A Brief History of E-coat
Even though E-coat has been with us since the 1930, it is mainly due to large interest and capital investment in the 70's by the automobile industry for primers that made it popular. Since then the technology has found its way into the more decorative and functional (non primer) single coat application like CLEARCLAD.
| Experimentation into electodepositing phenolic resin coatings onto electrical wire on a continuous basis.
| Full scale development of electrodeposition of anti-corrosive paint primers onto automobile bodies.
| Development of exterior durable, light colored electropaint resin systems suitable for domestic appliances, architectural aluminum etc.
(Principle technology so far - anodic)
| Cathodic technology displaces anodic as the principle system in the automobile industry. Such systems are adapted for small scale use in the electroplating industry (circa 1978).
| Technology continues to evolve as protective coatings for the metal finishing industry.
So, what is E-coat?
E-coat is an emulsion of organic resins and de-ionized water, which is in a stable condition. The e-coat solution also comprises of some solvent and some ionic components. When a D.C. voltage is applied across two immersed electrodes, the passage of current is accompanied by electrolysis of water. This results in oxygen gas being liberated at the anode (positive electrode) and hydrogen gas liberated at the cathode (negative electrode). The liberation of these gases disturbs the hydrogen ion equilibrium in the water immediately surrounding the electrodes. This results in a corresponding pH change and this in turn de-stabilizes the paint components of the solution and they coagulate onto the appropriate electrode.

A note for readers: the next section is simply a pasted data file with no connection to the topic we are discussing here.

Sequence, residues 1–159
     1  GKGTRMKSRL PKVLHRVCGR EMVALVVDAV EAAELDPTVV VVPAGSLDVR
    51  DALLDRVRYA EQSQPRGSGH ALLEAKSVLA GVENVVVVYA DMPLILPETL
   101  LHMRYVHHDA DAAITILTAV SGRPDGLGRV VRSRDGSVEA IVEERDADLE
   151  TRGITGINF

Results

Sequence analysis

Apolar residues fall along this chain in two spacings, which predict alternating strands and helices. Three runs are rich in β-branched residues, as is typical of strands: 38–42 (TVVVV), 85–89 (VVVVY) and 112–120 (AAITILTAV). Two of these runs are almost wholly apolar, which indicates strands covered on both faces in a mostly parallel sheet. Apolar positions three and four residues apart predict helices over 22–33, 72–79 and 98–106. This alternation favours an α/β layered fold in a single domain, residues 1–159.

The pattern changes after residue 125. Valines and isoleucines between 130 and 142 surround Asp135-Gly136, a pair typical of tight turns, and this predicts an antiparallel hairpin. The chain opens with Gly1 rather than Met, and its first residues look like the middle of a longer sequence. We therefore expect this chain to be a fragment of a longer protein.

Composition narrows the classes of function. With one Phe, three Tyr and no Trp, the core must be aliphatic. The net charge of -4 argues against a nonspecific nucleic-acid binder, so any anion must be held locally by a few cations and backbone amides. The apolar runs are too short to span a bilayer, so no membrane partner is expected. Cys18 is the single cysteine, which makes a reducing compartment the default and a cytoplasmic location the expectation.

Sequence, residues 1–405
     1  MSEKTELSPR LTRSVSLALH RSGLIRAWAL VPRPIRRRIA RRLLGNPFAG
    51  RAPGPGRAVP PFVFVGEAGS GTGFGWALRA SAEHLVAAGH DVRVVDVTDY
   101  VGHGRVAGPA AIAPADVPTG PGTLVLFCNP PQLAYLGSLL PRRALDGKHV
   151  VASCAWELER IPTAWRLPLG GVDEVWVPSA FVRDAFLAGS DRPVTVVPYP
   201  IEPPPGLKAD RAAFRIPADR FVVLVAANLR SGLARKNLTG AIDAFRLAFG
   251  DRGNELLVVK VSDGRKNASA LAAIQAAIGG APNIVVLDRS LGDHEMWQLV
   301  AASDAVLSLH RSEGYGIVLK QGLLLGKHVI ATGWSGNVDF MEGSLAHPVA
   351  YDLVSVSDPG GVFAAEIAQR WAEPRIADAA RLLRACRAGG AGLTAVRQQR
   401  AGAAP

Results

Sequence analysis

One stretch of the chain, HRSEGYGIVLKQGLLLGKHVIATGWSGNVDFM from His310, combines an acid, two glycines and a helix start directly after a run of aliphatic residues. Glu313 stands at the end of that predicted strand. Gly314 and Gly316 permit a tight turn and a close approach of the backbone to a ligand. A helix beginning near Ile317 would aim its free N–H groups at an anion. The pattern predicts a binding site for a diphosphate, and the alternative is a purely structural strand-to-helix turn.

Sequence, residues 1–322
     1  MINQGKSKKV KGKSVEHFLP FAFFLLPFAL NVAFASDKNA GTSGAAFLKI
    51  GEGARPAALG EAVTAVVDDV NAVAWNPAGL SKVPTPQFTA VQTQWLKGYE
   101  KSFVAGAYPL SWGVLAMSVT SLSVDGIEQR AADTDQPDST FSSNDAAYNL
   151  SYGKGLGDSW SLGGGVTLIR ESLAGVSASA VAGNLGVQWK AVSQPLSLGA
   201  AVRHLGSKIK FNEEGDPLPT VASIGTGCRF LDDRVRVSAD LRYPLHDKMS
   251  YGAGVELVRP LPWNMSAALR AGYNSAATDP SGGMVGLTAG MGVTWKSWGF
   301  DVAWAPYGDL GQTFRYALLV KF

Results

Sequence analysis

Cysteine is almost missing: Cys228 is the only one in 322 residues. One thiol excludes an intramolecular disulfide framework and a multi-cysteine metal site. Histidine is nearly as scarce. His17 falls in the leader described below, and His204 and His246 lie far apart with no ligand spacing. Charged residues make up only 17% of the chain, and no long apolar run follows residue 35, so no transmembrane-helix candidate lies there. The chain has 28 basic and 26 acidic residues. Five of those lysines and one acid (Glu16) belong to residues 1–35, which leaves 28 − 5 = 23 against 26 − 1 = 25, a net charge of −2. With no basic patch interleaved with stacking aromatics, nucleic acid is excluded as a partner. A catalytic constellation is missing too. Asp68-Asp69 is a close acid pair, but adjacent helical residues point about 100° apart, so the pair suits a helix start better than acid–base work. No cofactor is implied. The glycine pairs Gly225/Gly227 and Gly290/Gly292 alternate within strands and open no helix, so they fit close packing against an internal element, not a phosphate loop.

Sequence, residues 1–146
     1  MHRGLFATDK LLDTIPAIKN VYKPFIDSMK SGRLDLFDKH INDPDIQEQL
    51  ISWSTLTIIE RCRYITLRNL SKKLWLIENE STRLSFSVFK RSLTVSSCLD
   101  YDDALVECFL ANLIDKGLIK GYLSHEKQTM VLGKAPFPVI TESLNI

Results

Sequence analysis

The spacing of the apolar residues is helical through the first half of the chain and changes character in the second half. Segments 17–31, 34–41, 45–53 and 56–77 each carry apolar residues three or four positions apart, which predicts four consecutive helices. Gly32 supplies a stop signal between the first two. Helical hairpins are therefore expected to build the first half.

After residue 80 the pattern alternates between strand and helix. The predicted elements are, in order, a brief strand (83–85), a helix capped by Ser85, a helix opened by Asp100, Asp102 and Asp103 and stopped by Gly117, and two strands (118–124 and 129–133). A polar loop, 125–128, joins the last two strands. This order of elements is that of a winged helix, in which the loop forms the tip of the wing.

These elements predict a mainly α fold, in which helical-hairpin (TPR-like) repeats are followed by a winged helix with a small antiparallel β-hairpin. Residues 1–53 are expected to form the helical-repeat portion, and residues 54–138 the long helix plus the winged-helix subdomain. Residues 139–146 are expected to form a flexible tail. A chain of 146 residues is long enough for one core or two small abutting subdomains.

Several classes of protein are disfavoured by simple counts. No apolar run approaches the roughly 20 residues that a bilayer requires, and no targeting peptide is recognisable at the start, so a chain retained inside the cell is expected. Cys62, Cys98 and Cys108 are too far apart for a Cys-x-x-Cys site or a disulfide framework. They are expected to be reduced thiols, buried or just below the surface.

| Cathodics electropaints are stable except at high (alkaline) pH. Anodics are stable except at low (acid) pH
| Electrolysis of water causes the cathode to become alkaline and the anode to become acid
Electrolysis of Water
Electrophoresis is a well documented process whereby electrically charged particles in a conductive medium will migrate to the electrode bearing the opposite charge under the influence of D.C. voltage. Although many technical descriptions of electropaint ascribe electrophoresis to the deposition process it is not the predominant mechanism. However, it is very common to refer to electropaint as "Electrophoretic"
How is it applied
An unfinished product is immersed in a bath containing the electrophoretic paint emulsion, and then an electric current is passed through both the product and the emulsion. The paint particles that are in contact with the product adhere to the surface, as described in the above mechanism, and build up an electrically insulating layer. This layer prevents any further electrical current passing through, resulting in a perfectly level coating even in the recessed parts of complex-shaped goods. The product is then removed from the paint bath and baked in an oven.
How does this compare to plating
Due to the insulating nature of the deposit as described above, it is possible to accurately control the thickness over the part. Whereas with plating and anodizing thickness is controlled by amp/time relationship;
E-Coat vs. electroplating and anodizing - amp/time relationship.
With e-coat the thickness is controlled by voltage. Time is not as critical, as once the part is coated and insulated, no more coating will take place. Depending on surface area and complexity of the parts, most coating is easily accomplished with 2 minutes. This highlights one of the big equipment differences. Plating and anodizing require low voltage and high amperage rectification. E-coat requires high voltage and low amperage (1 sq. ft. draws 1.5 amps max) rectification.
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